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SM1500 & Hunter registrars report


Singer Clubs in Australasia, over the coming months, for details of the survivors still running about over there. This is going to be a more onerous project, and something that will take some time to complete. I will let you know in 6 months the initial results of my enquiries, and give a more complete picture as to the survival rate, of these much overlooked cars. I have visited Coventry Motor Museum


archives, and viewed the factory records for the SM1500 and Hunter models. They have revealed some fascinating insights into the rate of


will include those cars which were used in contemporary road tests, as well as any which appeared in articles in the motor magazines over the last 50 years or so.


I will be approaching


members, it is clear that I need to do some work to try and get back the cars which have not been in the club for some time. I know of at least one SM1500 which has gone to Eire, and a Hunter which has moved to North Lincolnshire. I have also found, recorded and photographed two very dishevelled Hunters near Spalding, one an early 1955 model, and the second a 1956 twin carb, two tone, leather trimmed model. It would take a very brave man to restore either of these, but you never know. This info I will add to the records, and obviously encourage these people to join the club, and swell the numbers. I am logging all vehicles onto a database, this


As one of the newest appointedmodel registrars, I would like to thank my predecessor – John Terry, who has beenmost helpful in educatingme in the idiosyncrasies related to these models. Indeed both of his partially restored cars – an SM1500 and a Hunter, are now up for sale, with offers invited. With regards to the register, I have already located the new owner of Bob Andrews very well-known and preserved Singer Hunter. It’s moved to Peterborough, and better still has appeared on the SOC stand at the NEC, this November. Looking at the list of current and past


production, and the diverse countries to which these cars were exported. This information will come in very handy next year, to help celebrate the SM1500’s 65th anniversary of its introduction at the 1948 Motor Exhibition held at Earls Court, London. It will also help to correct some urban myths, for example - the first Hunters which appeared with fibreglass bonnet and cat walk panels – were not experimental, as widely reported in the club magazine by my predecessor, but production vehicles, which weremade with these parts for about 10months. Steel replaced them on subsequent production vehicles (this involved a redesign of the bonnet hinges, catch, and the frame which the catch locks onto ). The change was due to many problems, not least of which, was that faced by the dealers when they repaired the cars after accident damage. The panels took a lot to prepare before painting and never quite took the finish of the steel panels, which showed up on the front of the car against the outer steel wings, resulting in many customer complaints. Indeed Singer themselves issued a Technical Data Sheet in January 1955 which explained to the uninitiated, how to repair this new fibreglass material, or ‘reinforced plastic’ as they called it. I have obtained a salesman’s guide to the Hunter issued in 1954, which includes swatches of plastic painted in the available colours, and samples of headlining and seat material. In conclusion, what is abundantly clear is that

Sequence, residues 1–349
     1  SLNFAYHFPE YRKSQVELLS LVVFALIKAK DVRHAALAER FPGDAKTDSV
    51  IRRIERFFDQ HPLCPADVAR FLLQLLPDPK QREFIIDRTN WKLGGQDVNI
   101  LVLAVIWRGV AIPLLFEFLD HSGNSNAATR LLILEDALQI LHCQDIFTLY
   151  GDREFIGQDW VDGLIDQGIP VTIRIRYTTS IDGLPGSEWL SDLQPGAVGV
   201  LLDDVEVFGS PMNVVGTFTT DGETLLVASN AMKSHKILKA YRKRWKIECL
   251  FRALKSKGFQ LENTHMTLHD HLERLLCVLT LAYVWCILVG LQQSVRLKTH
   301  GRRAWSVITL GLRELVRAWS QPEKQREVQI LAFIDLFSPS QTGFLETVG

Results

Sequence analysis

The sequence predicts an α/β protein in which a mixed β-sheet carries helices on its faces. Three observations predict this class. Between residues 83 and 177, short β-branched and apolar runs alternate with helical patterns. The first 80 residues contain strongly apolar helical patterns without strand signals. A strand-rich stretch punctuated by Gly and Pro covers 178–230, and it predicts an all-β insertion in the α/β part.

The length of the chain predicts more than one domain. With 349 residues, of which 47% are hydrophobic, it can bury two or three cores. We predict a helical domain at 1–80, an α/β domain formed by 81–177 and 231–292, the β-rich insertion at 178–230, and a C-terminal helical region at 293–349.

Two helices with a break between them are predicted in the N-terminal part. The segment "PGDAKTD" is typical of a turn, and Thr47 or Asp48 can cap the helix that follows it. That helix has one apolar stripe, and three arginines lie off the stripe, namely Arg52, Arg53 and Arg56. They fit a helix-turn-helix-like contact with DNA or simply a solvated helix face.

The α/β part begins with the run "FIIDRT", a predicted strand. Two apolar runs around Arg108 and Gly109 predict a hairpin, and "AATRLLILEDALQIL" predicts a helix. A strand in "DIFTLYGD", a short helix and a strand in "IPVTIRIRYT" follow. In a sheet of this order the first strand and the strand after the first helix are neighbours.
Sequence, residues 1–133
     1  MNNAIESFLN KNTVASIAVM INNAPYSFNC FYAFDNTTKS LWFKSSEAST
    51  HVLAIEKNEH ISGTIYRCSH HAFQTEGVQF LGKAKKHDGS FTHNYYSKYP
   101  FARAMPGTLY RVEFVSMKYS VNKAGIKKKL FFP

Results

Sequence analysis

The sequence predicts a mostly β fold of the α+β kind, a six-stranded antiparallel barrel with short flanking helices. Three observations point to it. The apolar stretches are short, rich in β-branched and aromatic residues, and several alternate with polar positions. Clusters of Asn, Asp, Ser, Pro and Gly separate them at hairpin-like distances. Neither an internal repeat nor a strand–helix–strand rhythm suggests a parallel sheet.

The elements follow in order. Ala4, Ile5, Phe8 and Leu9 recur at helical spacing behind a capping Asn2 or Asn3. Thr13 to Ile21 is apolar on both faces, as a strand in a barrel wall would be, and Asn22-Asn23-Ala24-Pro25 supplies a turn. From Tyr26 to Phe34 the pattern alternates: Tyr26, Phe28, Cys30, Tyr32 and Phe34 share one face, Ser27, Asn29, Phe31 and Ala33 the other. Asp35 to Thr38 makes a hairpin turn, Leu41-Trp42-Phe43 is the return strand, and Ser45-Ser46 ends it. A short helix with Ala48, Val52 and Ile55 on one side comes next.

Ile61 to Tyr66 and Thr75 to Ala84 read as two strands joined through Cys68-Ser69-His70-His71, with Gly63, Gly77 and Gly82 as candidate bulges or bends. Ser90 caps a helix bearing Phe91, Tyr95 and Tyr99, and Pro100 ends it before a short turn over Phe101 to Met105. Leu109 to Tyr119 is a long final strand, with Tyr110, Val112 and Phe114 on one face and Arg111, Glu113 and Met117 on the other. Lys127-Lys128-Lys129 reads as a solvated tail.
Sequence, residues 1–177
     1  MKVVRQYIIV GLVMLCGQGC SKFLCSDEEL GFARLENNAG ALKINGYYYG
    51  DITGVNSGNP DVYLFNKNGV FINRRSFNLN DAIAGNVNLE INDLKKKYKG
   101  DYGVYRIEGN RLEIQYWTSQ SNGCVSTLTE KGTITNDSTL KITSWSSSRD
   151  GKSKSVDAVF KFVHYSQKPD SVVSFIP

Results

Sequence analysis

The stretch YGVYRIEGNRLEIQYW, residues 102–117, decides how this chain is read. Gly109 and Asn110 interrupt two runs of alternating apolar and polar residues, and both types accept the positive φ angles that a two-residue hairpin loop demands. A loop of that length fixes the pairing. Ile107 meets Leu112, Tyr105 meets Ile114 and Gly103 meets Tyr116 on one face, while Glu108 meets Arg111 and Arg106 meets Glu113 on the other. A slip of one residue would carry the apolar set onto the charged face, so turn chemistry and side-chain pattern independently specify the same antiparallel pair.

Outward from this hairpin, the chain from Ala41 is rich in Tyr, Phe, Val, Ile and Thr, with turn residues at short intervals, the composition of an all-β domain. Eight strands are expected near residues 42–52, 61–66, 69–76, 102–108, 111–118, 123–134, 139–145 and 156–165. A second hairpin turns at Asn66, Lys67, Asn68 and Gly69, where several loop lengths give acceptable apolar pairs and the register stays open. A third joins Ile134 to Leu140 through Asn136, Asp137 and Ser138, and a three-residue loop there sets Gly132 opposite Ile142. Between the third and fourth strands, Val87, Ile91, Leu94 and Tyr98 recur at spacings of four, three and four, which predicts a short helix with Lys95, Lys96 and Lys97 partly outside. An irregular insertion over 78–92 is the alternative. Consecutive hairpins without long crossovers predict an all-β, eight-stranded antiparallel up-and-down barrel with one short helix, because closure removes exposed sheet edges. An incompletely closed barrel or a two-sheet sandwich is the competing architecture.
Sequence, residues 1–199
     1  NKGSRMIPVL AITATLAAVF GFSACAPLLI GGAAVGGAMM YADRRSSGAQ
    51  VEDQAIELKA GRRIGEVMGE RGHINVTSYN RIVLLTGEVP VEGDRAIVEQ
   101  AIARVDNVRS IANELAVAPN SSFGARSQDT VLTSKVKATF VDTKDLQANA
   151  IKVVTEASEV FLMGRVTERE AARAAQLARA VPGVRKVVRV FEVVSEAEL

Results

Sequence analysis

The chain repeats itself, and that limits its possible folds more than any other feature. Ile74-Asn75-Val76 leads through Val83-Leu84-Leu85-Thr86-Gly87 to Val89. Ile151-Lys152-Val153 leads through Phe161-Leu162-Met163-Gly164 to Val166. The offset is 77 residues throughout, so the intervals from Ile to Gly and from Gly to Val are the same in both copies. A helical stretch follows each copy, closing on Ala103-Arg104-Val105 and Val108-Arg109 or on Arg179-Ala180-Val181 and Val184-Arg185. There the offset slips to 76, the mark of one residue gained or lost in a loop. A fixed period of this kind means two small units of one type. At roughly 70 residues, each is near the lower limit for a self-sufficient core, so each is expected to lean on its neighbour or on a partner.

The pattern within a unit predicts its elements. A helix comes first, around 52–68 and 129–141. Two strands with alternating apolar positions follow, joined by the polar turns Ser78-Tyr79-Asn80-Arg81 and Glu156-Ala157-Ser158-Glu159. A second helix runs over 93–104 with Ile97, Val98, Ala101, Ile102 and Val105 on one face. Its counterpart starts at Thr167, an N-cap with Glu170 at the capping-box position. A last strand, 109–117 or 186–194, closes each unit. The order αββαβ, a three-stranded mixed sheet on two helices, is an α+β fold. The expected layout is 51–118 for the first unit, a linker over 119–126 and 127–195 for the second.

there aren’t many SM1500’s or Hunters remaining. However, I hope to increase the numbers of known survivors,


perseverance, and leads generated by owners who knew, and/or know, of existant roadworthy cars.


Rootes Singers I would just like to set the record straight regarding the comment made that there are huge amounts of Rootes cars. This is simply not true. The overall survival rate of Rootes cars is on average just over 10% of the production numbers for each Series / Mk of Gazelles, Vogues and Chamois. They are becoming increasingly difficult to find body panels for and also some engine parts for the later cars, with some components nearly impossible, such as those for the Easidrive transmission. In many respects it is easier to restore Le Mans and Roadsters than a Rootes Singer, mainly due to the latter having a monocoque body construction. As a good example to illustrate this point, Peter Houghton (181MBP) has contacted me to ask for an o/s sill, as his car has failed the MOT, due to corrosion on the underside. However they are easier to drive, and not as prone to head gasket failure as the pre-war cars. Because of their easy to maintain mechanical appeal, they are enjoyed by a wide variety of people in the club, including members like the Salmons, and the Gardeners who have recently bought Rootes Singers because the older cars were becoming too heavy, cumbersome and wearing to enjoy travelling long distances. It is timely for me to remind members of the Club that Billy Rootes was a ‘penny an hour’


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